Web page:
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Changing Face of a Modern Office Workspace

Earlier this week I visited the offices of Level39 in Canary Wharf as part of the Workplace Week, which involves tours of some of the most innovative companies in the UK. In addition, donations from the sale of tickets were raised in support of BBC’s Children In Need which made a great charitable cause.

Level39 is the biggest technology accelerator in Europe and an aspiring hub for the world’s brightest minds with an entrepreneurial spirit. They also have extremely impressive and modern interior designed by Gensler Architects who have also worked on workspaces for Facebook and Google so I was happy to be given a tour of their offices.

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Pic 1. Level 39 office in Canary Wharf, London

It was refreshing to see so many bold and exciting designs and state-of-the-art technology, (including an iPad coffee machine, which immediately made me want to own one!).

However, the visit also prompted my consideration of how much the offices and work in general has changed over the last few decades.

Offices of the past, particularly in the mid-20th century were known to typically incorporate rows of desks lined up one after the other and tasks often involving dull and routine paperwork.

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Pic 2. Office in the 1950s

Much of the change can be attributed to the digital age. The office workspace has undergone a tremendous evolution, first by replacing type machines with computer keyboards and changing the arrangement of desks to accommodate information sharing and various work modes adapting to the team’s workflow.

Long rows of desks transformed into the now infamous cubicles entrapping their inhabitants and disallowing preventing interaction between co-workers. Later, that changed again when hot-desking became the latest fad and employees no longer had a permanent space on their desk. That quickly bred new issues, as soon enough competition arose between colleagues for the best desk space on a first-come-first-serve basis.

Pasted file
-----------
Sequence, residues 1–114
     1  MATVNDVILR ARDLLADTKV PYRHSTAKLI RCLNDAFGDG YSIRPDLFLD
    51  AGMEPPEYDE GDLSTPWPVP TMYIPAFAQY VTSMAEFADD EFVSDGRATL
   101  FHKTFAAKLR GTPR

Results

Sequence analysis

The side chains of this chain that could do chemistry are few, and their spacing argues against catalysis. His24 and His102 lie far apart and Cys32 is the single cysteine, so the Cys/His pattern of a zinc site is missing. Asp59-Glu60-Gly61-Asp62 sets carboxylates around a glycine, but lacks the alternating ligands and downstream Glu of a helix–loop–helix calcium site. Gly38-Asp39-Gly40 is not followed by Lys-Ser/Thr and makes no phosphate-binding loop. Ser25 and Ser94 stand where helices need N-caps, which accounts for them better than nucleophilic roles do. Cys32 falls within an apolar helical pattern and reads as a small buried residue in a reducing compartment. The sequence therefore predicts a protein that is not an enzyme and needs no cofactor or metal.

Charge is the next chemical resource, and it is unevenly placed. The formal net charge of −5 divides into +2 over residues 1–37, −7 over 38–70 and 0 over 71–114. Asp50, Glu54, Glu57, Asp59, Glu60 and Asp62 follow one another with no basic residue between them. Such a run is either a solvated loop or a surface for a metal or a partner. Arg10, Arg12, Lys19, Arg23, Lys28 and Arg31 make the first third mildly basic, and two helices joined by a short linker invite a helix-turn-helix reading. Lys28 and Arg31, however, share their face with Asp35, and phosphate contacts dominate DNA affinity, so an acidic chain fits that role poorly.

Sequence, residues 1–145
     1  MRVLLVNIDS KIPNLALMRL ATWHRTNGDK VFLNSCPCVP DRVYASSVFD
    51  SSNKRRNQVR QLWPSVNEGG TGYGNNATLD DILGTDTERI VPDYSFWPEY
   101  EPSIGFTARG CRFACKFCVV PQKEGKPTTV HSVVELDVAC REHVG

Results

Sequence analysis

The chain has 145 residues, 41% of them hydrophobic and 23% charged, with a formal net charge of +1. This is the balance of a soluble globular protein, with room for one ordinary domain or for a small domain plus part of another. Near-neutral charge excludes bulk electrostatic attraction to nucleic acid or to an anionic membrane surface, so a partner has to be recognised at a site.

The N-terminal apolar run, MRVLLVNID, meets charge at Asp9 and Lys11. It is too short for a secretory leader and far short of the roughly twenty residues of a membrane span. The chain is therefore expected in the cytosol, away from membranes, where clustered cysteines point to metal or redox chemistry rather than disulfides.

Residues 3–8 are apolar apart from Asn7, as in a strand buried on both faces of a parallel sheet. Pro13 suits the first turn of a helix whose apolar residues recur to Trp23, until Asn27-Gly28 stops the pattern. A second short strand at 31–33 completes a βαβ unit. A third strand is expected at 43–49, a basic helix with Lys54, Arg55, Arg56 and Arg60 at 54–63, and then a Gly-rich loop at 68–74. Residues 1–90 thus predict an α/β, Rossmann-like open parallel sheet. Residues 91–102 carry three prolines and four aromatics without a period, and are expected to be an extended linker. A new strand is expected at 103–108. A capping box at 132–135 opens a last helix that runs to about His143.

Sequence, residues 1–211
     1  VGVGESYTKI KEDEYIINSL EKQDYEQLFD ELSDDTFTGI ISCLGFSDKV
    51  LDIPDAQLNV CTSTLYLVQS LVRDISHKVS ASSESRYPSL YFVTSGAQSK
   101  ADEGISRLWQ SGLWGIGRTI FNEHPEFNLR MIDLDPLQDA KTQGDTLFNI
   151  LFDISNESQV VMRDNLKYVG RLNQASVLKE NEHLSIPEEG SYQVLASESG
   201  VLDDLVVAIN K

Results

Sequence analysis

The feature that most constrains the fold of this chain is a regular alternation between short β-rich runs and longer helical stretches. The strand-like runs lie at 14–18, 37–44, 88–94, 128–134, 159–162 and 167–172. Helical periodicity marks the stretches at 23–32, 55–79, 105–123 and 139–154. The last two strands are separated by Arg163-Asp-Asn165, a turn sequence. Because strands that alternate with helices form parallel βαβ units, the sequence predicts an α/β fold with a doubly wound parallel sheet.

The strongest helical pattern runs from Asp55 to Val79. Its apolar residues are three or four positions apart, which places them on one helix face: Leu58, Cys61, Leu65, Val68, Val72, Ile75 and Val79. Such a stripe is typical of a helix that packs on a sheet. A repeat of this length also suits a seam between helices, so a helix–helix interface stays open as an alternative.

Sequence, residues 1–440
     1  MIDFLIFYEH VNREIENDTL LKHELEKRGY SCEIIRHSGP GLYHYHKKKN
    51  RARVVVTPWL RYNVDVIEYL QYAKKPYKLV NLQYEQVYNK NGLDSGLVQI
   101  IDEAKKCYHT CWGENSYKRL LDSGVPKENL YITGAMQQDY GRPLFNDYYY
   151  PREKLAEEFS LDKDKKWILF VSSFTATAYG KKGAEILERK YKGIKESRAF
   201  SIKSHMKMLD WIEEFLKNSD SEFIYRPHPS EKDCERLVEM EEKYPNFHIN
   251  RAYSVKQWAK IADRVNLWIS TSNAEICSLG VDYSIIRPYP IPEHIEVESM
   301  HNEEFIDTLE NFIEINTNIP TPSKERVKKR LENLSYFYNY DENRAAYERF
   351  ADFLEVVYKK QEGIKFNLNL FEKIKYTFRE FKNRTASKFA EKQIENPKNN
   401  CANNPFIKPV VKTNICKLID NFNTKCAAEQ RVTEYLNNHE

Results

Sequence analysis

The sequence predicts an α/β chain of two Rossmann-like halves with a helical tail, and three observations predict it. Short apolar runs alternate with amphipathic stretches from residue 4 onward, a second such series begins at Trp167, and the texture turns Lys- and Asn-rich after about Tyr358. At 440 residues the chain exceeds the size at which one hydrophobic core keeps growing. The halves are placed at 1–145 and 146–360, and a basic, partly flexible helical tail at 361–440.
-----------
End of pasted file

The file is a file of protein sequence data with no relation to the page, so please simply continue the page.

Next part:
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Pic 3. Cubicle

Offices have opened up and were stripped of false cardboard walls to create an ‘open space’ environment that was vital in large metropolitan cities such as London, Hong Kong or New York where space is limited.

Open plan offices were created to be functional and versatile enough to include rooms and spaces to support workers in their multiple working modes. Current research suggests that employees gradually progress and switch between one mode of work to another depending on the task, often going through different cycles within one work day.

Moreover, since jobs no longer involve only a simple set of routine chores, they often require cooperation from various project members at different stages of the project between both permanent and virtual members of the team. Organisational charts and structures have also evolved by allowing matrix and agile teams into a corporate landscape where reporting lines involve multiple stakeholders.

In addition, the digital era enables companies to allow their staff to telecommute. Employees can now work while on the road, from home, abroad or even in customer’s or provider’s premises and this has opened a new route of possibilities for furniture designers.

These changes gradually introduced alterations in office design by space planners, architects, interior designers and facilities managers to incorporate new equipment and office amenities and to accommodate various job functions.

Extensive academic research in the field of human factors & ergonomics supported the idea of office environments affecting employees and outcomes of their work to a greater extent than thought before. Reducing absenteeism, work-related stress, poor posture and long-term health implications such as musculoskeletal disorders (MSDs) are the primary reasons that companies should be embracing ergonomic furniture.

Having well-designed offices fitted with ergonomic furniture also means additional selling points when attracting new talent which has a positive contribution to corporate revenues.

During the pre-2000 dot-com bubble era lots of new online businesses grew and expanded bringing a new approach to office design.

Some of the world’s leading companies such started investing quite heavily in ergonomic furniture to maximise productivity, happiness and work satisfaction levels.

In summary, designing ergonomically smart offices has a positive impact on the company’s bottom line. Happy employees means happy customers which in turn means happy shareholders!

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Pic 4. Google staff playing ping pong